‘Malawi sitting on gold deposits’

Communities in Ntcheu, Neno and Balaka have turned to gold panning in a bid to survive the country’s deteriorating economy and worsening food situation leaving a trail of destruction that has alarmed farmers, government officials and environmental experts. In this third and final part, our reporter BOBBY KABANGO explores the good side of gold mining and what role artisanal or small-scale gold miners can play in an economy.

Malawi is an exciting new gold producing country in Africa, with most of its gold resources still unexplored, an expert says.

Men remove rocks from Nyuludzi River bed to pave way for gold panning

He says ‘the gold rush’ in Neno, Balaka and Ntcheu is evidence that Malawi is sitting on gold and the country has potential to produce gold in large quantities.

Former mining minister Grain Malunga has been conducting research on Malawi’s potential as a gold producer, and says Malawi has huge potential.

“Malawi has great potential for gold and I urge government to be serious with it.  We have great potential, but we need to find out from solid sources not only in rivers,” he says.

Malunga is coordinator at the Malawi Chambers of Mines. He now wants to see to it that the country benefits from its minerals and natural resources.

“Malawi can start getting more money from minerals if we properly manage these resources. We are losing a lot of money through illegal mining of minerals such as gold,” he says.

Director of the Geological Survey Department Jalf Salima says historically, primary gold has been previously mined in the Kirk Range-Lisungwe in Neno/Mwanza area at a small-scale.

“Traces of alluvial gold is found in numerous rivers throughout the country. Areas like Kirk-Range Lisungwe valley, Dwangwa in Nkhotakota, Malindi-Makanjira in Mangochi, Nathenje in Lilongwe and Chitipa-Kameme.

“This offers guidance for prospecting primary gold deposits. Mapping and geochemical surveys and exploration companies have revealed that the gold is hosted in decimetre-scale quartz lobes and stringers zones, and enhanced residual concentrations occur in the overlying regolith,” he explains

But is gold potential enough for Malawi to pin its hopes on as Malawi’s main foreign exchange earner to replace tobacco?

Salima says the potential does exist.

“The fact is Malawi is a green field with potential of discovering economic mineral deposits. What is required is to conduct detailed exploration to define [quality and quantity] of the resources and determine the economic potential of the gold deposits,” he explains.

He also admits that current artisanal and small-scale mining activities have potential to contribute significantly to the social-economic development of Malawi.

“It is worth noting that informal artisanal and small-scale miners (ASM) have a greater impact on the local rural economy.

“The income earned is spent on basic needs, education and patronising of local businesses. This further helps the people to overcome unemployment and poor harvests by exploiting marginal deposits that are not attractive to large mining companies,” says Salima.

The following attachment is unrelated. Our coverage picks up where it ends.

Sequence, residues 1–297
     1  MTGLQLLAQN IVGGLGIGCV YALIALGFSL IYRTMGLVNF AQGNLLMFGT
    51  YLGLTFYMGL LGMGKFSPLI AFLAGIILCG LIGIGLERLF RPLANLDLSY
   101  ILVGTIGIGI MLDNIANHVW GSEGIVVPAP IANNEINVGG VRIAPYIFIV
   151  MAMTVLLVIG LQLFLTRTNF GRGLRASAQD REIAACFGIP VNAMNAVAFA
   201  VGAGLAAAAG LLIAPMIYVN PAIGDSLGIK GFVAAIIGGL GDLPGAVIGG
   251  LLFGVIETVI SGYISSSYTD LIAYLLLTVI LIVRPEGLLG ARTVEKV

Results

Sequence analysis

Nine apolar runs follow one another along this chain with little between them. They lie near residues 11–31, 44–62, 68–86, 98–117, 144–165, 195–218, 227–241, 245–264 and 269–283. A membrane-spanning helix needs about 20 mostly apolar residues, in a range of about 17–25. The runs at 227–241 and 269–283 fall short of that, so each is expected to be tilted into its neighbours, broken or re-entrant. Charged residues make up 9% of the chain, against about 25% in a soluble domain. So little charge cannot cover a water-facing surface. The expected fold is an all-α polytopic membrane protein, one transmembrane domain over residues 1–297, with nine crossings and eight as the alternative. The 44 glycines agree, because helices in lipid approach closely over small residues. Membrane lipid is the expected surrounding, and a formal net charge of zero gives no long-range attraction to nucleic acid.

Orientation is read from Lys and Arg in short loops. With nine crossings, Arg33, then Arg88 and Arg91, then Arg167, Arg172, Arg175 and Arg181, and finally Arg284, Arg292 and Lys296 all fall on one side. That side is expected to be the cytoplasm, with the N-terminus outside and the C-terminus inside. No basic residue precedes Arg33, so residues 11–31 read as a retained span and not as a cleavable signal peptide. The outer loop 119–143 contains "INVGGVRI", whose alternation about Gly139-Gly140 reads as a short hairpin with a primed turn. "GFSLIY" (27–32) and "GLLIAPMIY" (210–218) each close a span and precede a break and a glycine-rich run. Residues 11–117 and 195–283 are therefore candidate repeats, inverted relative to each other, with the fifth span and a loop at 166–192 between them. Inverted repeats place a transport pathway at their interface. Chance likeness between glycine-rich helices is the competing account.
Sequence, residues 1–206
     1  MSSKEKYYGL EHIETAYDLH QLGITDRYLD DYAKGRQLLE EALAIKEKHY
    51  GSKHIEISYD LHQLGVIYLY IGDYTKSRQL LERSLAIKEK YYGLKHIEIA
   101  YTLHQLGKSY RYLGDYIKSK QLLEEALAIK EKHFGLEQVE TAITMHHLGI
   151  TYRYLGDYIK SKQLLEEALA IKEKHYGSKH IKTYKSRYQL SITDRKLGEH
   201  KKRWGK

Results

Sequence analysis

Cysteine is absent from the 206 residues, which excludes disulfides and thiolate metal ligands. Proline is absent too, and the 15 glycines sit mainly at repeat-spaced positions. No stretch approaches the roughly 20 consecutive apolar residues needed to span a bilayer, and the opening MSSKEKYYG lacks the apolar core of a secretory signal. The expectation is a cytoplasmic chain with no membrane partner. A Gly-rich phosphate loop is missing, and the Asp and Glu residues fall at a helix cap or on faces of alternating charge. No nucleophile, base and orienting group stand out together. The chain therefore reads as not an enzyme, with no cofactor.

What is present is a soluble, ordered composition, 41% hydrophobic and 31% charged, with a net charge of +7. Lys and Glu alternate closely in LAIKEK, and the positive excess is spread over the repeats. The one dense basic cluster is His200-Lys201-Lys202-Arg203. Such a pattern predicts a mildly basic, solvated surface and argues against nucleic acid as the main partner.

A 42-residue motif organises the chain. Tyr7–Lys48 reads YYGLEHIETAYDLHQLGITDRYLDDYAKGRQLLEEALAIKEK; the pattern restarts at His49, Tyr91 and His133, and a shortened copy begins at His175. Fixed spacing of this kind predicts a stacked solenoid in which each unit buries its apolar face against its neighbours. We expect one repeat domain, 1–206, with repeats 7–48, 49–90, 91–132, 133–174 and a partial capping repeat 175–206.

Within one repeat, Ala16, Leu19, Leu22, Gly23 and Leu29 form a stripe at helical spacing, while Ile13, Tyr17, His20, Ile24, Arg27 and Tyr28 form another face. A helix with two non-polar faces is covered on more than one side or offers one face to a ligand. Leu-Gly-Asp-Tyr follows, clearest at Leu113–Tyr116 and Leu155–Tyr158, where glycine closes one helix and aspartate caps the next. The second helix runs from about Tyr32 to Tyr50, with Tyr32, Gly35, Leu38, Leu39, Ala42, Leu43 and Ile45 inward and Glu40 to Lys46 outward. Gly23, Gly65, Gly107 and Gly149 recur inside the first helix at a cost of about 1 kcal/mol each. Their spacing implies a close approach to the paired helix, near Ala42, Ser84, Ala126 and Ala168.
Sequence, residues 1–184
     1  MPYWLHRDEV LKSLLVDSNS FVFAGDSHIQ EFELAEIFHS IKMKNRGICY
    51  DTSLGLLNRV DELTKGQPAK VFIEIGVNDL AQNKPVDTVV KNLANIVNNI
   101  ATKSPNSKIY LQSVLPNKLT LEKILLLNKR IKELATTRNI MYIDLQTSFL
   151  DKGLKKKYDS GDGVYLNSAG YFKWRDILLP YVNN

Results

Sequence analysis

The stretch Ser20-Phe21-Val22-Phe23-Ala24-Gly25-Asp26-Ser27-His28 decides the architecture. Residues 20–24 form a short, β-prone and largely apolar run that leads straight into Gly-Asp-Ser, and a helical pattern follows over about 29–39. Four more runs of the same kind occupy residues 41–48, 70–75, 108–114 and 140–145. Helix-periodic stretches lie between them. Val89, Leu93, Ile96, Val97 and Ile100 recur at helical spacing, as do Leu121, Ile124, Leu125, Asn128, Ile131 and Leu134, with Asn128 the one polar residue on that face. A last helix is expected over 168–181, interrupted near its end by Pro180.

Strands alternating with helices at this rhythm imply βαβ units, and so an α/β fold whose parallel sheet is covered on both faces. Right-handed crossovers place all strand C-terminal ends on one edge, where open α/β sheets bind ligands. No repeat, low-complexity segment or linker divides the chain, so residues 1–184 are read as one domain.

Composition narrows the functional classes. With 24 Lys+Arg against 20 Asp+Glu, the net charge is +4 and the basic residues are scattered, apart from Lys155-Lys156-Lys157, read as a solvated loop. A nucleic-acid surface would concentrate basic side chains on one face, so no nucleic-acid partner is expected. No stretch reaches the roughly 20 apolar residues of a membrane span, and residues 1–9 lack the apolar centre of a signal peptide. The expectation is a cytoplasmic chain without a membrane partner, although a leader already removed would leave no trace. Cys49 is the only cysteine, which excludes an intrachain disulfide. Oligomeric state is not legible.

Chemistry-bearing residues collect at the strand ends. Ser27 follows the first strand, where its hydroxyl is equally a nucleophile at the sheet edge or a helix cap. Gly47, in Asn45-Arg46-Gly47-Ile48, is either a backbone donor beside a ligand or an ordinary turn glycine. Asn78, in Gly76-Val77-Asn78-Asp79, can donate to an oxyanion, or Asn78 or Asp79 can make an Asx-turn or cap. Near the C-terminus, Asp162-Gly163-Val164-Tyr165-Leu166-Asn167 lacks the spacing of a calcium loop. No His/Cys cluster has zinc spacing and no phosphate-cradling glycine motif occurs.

But he laments illegal trading of minerals as currently the case in Neno, Ntcheu and Balaka, as it leads to loss of revenue for the government through taxes and royalties.

“Illegal trading of gold leads to loss of foreign exchange and can promote bad practices like money laundering, child labour and other vices and destruction of the environment.

Miners at Nyuludzi gold mine camp confessed that they sell most of the gold to dealers from across the borders especially Mozambique.

One of the small-scale miners Elita Simango, who has been involved in mining gold in Nyuludzi River for a year, says together with her sons, they fetch up to K40 000 a day in illegal gold trades.

On the day Weekend Nation visited the site, she panned gold weighing 1.51 ounce and she sold it at K25 000. The same gold would fetch her K1.4 million if sold on the international market.

“Most of the time we sell nuggets at K25 000 or K30 000 to buyers from Mozambique, because there is no market for it locally. It’s illegal to sell gold here,” she explains.

According to Salima, ASM is a poverty driven activity motivated by earning a living and prospects of hitting the jackpot. As such most of the miners prefer to operate in the informal system.

“Most of the ASM operators lack the initial capital to obtain a licence, conduct mining, buy proper equipment and have no access to loans, as such they are vulnerable to unscrupulous middlemen who buy the minerals at below market prices,” he adds.

Acting director of mining in the Ministry of Mines and Natural Resources Ackim Wona says the artisanal and small-scale miners must stop mining the gold.

He says the ministry is not aware of the activities and no license was given to them.

“I am not aware that people are mining gold [in those areas]. That is news to me,” he said while adding that it is an offense to mine gold because one has to be licensed before they can mine gold.

“In fact, in Makanjira in Mangochi, some people were also mining gold. Ministry officials went there and we have stopped the activities.”

But Salima points to Malawi’s legal framework regulating mining as being inadequate.

“You may be aware that we have Mines and Minerals Policy of 2013; we have drafted an Artisanal and Small-scale Mining Policy and have also reviewed the Mines and Minerals Act 1981. The Bill is ready to be tabled in Parliament.”

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